I’ll read it later. For now I will hang on to my suspicion that the introduction to the Wired News interview is infused with some significant hype. Invented MTV? And we criticized Adam? (For the record, I did not.)
Google on Thursday unveiled a free Web-based calendar application that is expected to heat up competition with Yahoo and Microsoft.
The beta version of Google Calendar can be accessed without a Gmail account.
Users can easily search for and add events to their calendars from within the program or directly off Web sites that are either publishing events using open calendaring standards or which have added a Google Calendar button to their site. Users also can search for events from friends’ shared calendars and import events from Microsoft Outlook.
I’d do a screenshot but right now mine won’t render. I guess that’s why they call it beta…
Google is a portal, plain and simple. The company made its name, its brand, and its money on being one thing - a non judgmental service that quickly moved you from intent - your search query - to content - someone else’s page. Now, it’s moved quite systematically - with Base, Finance, Mail, and everything else - to being a company that is clearly about monetizing its core revenue asset - AdWords - on anything google.com related. That, my friends, is a portal.
I thought that word had been retired. It’s so 2000. “Community” has become “social;” isn’t there a 2.0 word for “portal?”
Librarians win on secrecy
After fighting ferociously for months, federal prosecutors relented yesterday and agreed to allow a Connecticut library group to identify itself as the recipient of a secret F.B.I. demand for records in a counterterrorism investigation.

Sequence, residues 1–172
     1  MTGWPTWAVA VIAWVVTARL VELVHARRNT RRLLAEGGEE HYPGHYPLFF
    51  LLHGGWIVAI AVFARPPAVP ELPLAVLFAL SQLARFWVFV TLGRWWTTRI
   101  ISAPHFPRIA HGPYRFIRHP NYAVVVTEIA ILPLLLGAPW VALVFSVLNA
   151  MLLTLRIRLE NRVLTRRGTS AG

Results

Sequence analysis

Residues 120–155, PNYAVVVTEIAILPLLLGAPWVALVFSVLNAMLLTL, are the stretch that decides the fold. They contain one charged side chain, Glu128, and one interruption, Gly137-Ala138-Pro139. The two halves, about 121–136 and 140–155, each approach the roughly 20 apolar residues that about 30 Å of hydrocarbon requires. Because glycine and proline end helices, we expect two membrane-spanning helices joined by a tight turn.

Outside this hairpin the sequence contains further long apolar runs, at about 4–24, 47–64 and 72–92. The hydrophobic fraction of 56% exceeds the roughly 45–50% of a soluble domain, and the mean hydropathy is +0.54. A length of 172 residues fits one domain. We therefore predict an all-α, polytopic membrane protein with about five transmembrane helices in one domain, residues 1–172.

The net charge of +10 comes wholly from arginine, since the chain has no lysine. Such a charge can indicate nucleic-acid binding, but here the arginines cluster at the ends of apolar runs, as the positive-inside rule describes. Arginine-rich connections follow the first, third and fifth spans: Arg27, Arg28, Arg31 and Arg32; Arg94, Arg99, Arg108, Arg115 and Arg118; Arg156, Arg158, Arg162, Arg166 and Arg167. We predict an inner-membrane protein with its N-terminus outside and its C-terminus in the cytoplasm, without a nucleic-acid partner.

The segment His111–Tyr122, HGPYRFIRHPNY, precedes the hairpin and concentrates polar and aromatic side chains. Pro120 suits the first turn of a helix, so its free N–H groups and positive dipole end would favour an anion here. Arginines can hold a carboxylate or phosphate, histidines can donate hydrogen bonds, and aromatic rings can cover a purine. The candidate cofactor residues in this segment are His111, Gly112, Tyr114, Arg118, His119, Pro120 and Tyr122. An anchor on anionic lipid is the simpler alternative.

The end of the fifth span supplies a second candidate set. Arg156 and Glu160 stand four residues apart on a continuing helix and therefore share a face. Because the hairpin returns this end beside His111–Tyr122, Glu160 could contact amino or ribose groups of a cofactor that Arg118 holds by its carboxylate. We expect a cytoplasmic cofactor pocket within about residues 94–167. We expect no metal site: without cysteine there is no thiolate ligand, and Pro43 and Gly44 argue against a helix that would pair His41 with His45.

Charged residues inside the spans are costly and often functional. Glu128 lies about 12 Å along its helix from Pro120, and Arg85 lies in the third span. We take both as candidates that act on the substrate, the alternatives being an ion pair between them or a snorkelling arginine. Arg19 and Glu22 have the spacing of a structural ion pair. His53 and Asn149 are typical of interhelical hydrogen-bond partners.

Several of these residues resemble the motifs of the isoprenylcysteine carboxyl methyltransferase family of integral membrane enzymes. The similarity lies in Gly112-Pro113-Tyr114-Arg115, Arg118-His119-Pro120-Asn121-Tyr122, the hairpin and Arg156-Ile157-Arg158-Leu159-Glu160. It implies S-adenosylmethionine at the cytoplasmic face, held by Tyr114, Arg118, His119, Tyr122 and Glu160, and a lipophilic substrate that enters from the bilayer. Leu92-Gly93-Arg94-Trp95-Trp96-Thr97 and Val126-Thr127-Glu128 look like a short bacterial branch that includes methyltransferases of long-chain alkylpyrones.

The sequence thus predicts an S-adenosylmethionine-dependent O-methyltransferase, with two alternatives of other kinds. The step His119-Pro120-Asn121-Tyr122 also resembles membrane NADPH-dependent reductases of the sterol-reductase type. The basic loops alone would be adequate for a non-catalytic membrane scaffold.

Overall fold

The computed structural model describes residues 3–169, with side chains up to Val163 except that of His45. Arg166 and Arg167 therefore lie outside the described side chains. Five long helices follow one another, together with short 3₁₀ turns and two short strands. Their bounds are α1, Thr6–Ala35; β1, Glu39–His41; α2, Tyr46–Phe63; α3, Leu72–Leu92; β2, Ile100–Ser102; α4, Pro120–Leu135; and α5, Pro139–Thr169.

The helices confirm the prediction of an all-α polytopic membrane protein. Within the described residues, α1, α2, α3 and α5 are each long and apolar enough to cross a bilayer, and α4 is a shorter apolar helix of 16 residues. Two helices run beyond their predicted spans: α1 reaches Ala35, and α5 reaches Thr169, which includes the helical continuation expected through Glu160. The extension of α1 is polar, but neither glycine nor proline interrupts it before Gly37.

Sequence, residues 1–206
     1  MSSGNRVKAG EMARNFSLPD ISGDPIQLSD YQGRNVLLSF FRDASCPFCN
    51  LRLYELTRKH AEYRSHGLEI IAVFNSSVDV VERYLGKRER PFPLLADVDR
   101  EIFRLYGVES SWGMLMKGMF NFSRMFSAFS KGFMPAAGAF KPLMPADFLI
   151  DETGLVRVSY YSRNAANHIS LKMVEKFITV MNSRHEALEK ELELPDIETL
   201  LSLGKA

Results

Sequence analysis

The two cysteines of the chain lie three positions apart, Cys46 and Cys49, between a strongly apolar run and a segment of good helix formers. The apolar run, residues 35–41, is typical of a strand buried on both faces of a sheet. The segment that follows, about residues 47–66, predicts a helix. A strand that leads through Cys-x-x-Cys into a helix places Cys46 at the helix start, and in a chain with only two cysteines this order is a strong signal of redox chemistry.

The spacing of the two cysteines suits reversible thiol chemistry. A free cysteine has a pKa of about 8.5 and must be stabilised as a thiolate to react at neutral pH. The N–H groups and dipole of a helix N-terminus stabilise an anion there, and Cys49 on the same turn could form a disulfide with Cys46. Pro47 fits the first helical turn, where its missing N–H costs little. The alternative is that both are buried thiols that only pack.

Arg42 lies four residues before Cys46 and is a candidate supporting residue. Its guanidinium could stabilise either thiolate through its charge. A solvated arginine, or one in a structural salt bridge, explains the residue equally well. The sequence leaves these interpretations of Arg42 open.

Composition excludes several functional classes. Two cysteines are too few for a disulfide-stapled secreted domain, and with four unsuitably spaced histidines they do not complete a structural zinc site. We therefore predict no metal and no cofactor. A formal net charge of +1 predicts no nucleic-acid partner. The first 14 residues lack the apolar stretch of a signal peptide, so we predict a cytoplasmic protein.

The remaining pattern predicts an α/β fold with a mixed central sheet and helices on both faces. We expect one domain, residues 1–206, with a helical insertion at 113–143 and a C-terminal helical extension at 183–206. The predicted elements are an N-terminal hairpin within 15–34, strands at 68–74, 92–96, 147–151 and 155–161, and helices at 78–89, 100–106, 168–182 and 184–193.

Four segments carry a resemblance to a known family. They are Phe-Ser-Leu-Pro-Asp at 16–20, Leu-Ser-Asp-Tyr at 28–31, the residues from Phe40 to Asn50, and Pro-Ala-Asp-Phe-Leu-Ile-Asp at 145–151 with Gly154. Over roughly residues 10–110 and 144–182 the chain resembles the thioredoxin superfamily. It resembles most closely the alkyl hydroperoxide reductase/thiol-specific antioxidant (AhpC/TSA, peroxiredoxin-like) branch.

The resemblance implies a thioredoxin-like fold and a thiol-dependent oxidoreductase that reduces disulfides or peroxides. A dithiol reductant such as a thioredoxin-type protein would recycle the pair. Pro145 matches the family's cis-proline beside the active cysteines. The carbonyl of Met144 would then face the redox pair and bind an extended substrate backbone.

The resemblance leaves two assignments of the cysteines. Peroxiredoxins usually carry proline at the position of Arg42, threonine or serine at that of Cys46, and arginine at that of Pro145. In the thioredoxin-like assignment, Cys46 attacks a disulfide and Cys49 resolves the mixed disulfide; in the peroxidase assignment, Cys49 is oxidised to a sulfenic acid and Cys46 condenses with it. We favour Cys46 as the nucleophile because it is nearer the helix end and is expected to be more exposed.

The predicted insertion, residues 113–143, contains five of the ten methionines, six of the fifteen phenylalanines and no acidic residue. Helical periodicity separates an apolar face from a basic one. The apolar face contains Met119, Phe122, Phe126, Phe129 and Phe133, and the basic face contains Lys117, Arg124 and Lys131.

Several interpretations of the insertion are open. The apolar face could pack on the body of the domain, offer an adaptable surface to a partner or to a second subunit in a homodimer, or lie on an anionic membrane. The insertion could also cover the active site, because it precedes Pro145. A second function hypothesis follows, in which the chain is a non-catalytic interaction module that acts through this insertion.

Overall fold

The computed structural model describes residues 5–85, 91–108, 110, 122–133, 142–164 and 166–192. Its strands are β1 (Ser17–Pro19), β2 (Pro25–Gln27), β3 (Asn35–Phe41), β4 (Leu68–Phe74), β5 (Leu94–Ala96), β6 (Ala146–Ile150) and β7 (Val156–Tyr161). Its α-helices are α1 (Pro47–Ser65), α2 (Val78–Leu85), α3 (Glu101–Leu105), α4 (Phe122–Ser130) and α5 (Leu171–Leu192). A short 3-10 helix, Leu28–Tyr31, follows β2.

The decision ended a dispute over whether the broad provisions for secrecy in the USA Patriot Act, the antiterror law, trumped the free speech rights of library officials. The librarians had gone to federal court to gain permission to identify themselves as the recipients of the secret subpoena, known as a national security letter, ordering them to turn over patron records and e-mail messages.
It was unclear what impact the government’s decision would have on the approximately 30,000 other such letters that are issued each year. Changes in the Patriot Act now allow the government discretion over whether to enforce or relax what had been a blanket secrecy requirement concerning the letters. [...]
[ACLU’s associate legal director Ann] Beeson said yesterday that she believed the government’s decision to drop the appeal was politically timed.
“The issue over whether the government was using its Patriot Act powers to demand library records was one of the hot-button issues in this debate,” she said. “And our clients could have been extremely powerful spokespeople in opposing the reauthorization of the act, because they had actually received one of those national security letters.”
Now that the debate in Congress is over, she said, “There’s no longer any reason to keep our clients quiet.”
Two points: One, librarians are privacy heroes; two, IT professionals have a lot to learn from librarians.